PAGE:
Knowledge Base

What is antenna gain? How is antenna gain measured?

Introduction: What is an antenna?

An antenna is a physical device that acts as the interface between two transceivers, electronic devices that both transmit and receive electromagnetic waves, such as the signals used by cellular phones. The antenna receives electrical current from a device (like a cell phone signal booster) through a coaxial cable and and transmits that current through the air as an electromagnetic wave; it also receives electromagnetic waves over the air and sends them as electrical current back through the cable to the device.

An antenna is typically electrically passive, meaning it doesn’t have its own electrical power source or contain transistors.¹

Sample diagram of cell phone signal booster sending signal to a cell tower In this simplified example, a cell phone signal booster (1) sends electrical current through a coax cable (2) to a directional antenna (3), which transmits that current as a microwave signal (4) to the antennas on a cell tower (5). This simultaneously also happens in the opposite direction, with the cell tower sending signal back to the booster through its antenna.

What is antenna gain?

Antenna gain measures how well an antenna concentrates or focuses the signal it sends and receives in a particular direction. Passive antennas don’t increase the signal strength they send and receive; rather, they are more efficient (positive gain) or less efficient (negative gain).²

More or less efficient than what?

The sun is an isotropic radiator An isotropic radiator sends energy in all directions equally.

An antenna’s efficiency (gain) is measured against an isotropic radiator, a theoretical point that radiates electromagnetic waves of the same intensity in all directions.

This concept is easier to understand if you imagine a light bulb that has no base or connector; it’s a perfect sphere that emits light of the same intensity in all directions—around it, above it, and below it in all three dimensions. This imaginary light bulb would an isotropic radiator.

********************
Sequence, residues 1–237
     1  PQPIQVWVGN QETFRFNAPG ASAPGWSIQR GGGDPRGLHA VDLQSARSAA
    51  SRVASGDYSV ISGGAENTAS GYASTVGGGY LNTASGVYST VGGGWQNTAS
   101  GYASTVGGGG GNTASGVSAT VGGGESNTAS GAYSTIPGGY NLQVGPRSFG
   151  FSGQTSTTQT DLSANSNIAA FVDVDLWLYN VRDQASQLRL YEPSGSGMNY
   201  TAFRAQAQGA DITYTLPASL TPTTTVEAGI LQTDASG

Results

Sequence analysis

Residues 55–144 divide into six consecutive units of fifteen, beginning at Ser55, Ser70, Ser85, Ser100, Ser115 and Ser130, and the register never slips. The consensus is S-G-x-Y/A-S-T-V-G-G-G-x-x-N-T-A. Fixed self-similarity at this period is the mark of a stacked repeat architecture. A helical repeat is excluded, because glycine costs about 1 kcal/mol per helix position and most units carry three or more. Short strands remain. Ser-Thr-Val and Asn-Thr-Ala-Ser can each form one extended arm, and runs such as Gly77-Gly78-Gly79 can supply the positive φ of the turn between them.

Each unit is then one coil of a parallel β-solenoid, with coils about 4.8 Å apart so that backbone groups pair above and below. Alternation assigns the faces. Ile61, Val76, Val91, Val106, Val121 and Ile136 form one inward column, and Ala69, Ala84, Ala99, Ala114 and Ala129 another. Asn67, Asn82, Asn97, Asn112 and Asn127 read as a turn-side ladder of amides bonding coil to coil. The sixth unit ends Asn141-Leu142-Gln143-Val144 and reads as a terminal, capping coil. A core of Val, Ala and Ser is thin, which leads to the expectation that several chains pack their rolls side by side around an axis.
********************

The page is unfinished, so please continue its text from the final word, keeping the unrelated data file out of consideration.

A light bulb has to have a power source and connector, so our imaginary example can’t actually exist. The sun radiates energy in all directions, so it’s the closest real-world example of an isotropic radiator.

Flashlight A flashlight directs or focuses its energy in a specific direction; this is similar to how an antenna works.

Sticking with this analogy for a moment, let’s compare our imaginary light bulb to a flashlight: The flashlight has a bulb that emits light in all directions, but that bulb is inside the flashlight’s housing and there’s a reflective surface behind it. These constrain the light emitted from the bulb so that all of its energy is focused in the direction the flashlight is pointed.

The flashlight is more efficient at how it uses its light energy—instead of sending energy in all directions, it concentrates it in one specific direction, making the area where it’s pointed brighter than could a bare light bulb of the same wattage.

Antenna gain is similar to the example of the flashlight, above. The higher an antenna’s gain, the more efficient it is at sending and receiving electromagnetic waves in a specific direction, compared to an isotropic antenna that sends and receives energy equally in all directions.

How is antenna gain measured?